About me

My name is Jacob Keller. I grew up in Hebron, Kentucky, and graduated from Ohio State University in 2020 with my BS in Human Systems Integration. Currently, I’m a Graduate Research Associate within the Department of Integrated Systems Engineering at Ohio State. My research interests include human-machine teaming, resilience engineering, and computational modeling.

I continuously update this website to reflect my most up-to-date thoughts and ideas about my work. You may find some rough patches here and there, as the site is always under construction.

Recent Conference Papers

October 2021

Keller, J., IJtsma, M., & Newton, E. K. (2021) A Critical Examination of Autonomous Flight Safety Systems from a Cognitive Systems Engineering Perspective: Challenges, Themes, and Outlying Risks Jacob Keller. International Astronautical Congress, October, 25–29.

Keller, J., & IJtsma, M. (2021). Requirements For Computational Approaches To Analyzing Resilience In Human-Machine Teams. Human Factors and Ergonomics Society. Presented 10/6/2021 in Baltimore, Maryland, at the Human Factors and Ergonomics Society 65th Annual Meeting. https://doi.org/10.1177/1071181321651248

Research Interests


A Gazebo simulation of NASA’s Astrobee robot is being explored as a testbed for studying human-robot teamwork

Broadly, I’m interested in exploring the interactions of humans and machines within complex work. A goal of my efforts is amplify and extend the human capability to know, perceive, decide, plan, act and collaborate by integrating system functions with the cognitive processes they need to support. Shrewd engineering practices drawn from Cognitive Systems Engineering and Resilience Engineering can inform the creation of sociotechnical systems that best promote these capabilities.

Here are some of the relationships I’m interested in exploring in my work:

  • Costs of coordination associated with different information exchange modes or communication strategies
  • Relationships between human and machines agents working towards common goals
  • Resource limitations, goal tradeoffs, and delegation of authority and responsbility

My interest in computational modeling and simulation relates directly to these pursuits, as a computational framework offers a low-overhead testbed for analyzing tradeoffs and complexities within work, provided ample care is taken in creating an ecologically valid representation of the work environment at hand.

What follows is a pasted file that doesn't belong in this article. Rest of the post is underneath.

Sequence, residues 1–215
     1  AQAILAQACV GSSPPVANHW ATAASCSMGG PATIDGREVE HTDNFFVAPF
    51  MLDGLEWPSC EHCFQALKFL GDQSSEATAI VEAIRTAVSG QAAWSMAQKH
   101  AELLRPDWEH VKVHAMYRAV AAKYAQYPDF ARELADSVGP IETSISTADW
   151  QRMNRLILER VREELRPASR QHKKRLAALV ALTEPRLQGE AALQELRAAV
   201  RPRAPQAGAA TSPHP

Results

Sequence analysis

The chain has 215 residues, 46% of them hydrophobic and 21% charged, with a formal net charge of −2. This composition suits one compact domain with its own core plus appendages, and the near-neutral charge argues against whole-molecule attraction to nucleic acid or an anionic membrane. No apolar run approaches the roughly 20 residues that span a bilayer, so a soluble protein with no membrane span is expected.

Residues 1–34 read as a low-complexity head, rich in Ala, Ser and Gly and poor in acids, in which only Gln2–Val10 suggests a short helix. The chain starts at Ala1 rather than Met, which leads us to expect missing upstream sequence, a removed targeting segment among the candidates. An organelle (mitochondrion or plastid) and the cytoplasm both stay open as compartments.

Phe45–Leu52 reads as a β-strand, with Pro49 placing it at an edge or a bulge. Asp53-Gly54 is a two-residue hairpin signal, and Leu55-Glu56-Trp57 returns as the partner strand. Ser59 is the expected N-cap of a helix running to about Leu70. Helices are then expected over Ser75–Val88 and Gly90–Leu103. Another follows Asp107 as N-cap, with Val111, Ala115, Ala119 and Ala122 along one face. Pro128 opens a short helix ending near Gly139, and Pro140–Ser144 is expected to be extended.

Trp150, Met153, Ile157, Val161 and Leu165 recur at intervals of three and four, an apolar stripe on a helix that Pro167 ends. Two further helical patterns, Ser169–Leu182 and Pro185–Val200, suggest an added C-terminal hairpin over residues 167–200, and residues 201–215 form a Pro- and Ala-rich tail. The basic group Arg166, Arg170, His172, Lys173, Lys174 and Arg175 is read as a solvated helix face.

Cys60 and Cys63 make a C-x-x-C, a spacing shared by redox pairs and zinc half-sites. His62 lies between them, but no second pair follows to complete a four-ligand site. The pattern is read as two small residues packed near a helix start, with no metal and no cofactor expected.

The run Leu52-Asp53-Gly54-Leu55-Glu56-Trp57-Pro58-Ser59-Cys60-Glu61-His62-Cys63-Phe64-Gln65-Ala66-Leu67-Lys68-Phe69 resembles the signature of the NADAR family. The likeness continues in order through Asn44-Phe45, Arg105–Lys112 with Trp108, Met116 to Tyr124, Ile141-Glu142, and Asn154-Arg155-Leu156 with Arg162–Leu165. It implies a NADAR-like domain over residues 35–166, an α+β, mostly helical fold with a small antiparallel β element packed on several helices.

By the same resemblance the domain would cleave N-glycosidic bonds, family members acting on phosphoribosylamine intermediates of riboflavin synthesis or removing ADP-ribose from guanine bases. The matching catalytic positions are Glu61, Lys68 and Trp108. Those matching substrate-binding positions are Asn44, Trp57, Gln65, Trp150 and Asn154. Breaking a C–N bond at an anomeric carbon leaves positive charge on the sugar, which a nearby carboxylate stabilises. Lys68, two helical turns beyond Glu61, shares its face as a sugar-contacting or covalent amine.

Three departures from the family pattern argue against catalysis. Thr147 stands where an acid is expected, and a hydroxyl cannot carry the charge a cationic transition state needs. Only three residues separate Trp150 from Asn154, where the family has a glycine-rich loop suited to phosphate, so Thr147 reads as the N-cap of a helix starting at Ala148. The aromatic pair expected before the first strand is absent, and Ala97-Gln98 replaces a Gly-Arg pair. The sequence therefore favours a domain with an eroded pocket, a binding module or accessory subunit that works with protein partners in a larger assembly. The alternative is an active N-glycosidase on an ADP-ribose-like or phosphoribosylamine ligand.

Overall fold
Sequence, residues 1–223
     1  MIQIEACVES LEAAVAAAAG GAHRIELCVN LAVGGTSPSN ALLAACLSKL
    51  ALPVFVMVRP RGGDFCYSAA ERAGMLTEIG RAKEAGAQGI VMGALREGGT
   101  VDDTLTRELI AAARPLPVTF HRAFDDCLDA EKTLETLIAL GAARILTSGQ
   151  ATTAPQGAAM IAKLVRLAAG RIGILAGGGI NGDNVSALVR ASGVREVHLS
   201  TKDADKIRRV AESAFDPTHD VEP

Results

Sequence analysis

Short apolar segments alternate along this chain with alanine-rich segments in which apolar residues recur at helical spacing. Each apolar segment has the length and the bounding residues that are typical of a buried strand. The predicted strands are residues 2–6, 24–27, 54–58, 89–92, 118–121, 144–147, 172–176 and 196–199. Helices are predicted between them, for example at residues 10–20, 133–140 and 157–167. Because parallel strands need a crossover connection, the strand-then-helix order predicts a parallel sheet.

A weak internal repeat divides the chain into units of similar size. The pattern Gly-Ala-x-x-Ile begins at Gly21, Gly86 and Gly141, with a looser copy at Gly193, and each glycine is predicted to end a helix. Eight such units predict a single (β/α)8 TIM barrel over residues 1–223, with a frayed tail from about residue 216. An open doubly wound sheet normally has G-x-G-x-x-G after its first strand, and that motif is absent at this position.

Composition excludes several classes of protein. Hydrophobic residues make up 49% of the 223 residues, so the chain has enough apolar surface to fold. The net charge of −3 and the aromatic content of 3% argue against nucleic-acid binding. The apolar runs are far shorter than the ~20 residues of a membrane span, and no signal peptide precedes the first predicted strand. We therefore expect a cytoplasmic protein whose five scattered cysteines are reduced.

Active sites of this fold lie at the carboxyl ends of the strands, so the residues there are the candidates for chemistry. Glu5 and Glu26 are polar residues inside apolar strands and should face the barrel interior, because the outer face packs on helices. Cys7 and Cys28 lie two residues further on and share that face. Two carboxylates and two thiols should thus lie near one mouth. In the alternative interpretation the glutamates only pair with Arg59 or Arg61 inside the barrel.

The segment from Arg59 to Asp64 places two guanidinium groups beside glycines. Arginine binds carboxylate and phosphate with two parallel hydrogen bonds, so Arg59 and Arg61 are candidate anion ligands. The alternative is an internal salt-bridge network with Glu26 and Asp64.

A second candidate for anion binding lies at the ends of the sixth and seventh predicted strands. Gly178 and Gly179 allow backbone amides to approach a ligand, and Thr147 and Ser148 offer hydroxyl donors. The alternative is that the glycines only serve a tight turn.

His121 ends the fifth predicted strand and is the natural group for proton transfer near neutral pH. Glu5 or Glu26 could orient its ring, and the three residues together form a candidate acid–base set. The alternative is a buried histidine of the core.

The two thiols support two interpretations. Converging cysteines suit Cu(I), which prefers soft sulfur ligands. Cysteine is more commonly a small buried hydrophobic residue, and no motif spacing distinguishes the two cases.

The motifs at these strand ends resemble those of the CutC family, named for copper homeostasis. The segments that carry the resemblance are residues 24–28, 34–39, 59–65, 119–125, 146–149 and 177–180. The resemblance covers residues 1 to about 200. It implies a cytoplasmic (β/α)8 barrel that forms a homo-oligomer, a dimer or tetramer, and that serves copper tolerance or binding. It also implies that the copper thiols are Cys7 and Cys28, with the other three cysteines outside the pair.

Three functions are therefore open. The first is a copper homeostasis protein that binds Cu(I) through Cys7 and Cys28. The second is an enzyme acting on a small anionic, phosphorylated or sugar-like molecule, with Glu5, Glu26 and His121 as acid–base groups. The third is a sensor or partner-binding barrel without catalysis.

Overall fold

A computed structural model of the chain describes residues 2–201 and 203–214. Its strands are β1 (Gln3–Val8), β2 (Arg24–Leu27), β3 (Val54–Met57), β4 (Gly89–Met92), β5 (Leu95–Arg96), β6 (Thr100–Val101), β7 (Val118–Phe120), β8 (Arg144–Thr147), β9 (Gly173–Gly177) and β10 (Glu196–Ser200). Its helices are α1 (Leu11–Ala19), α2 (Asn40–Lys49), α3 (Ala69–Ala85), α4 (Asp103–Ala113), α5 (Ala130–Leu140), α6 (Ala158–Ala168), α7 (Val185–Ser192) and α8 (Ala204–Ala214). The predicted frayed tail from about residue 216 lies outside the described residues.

Emerging methods for simulating the dynamics of work in human-robot teams could guide the development of sophisticated systems that exhibit resilient behavior when pushed past their performance boundaries, as discussed in Keller and IJtsma, 2021. In general, a more methodical, ecologically valid, and interdisciplinary approach is necessary to advance our robotic capabilities. No amount of centralized planning or software profenciency will make the perfect system, therefore a paradigm shift towards designing modular, contextually-aware adaptive systems is necessary.

Robust, resilient, and decentralized human-robot systems will pave the way towards advanced operations within distributed teams, facilitating the ablity to dynamically delegate authority, responsibility, and taskloads to other agents in the midst of rapidly shifting demands common in uncertain and complex environments.

NASA Artemis Concept Art
This concept art from NASA shows astronauts working in close proximity with robotic agents. The precise details of how they work together are one example of my research interests. How many robots should assist an astronaut performing surface EVA tasks? How is control handed off between astronauts? What is the authority delegated to the robot to make decisions based on software rules and sensor inputs?

Other Interests

-Video Games -Astrophotography -Saxophone/Music -SCUBA Diving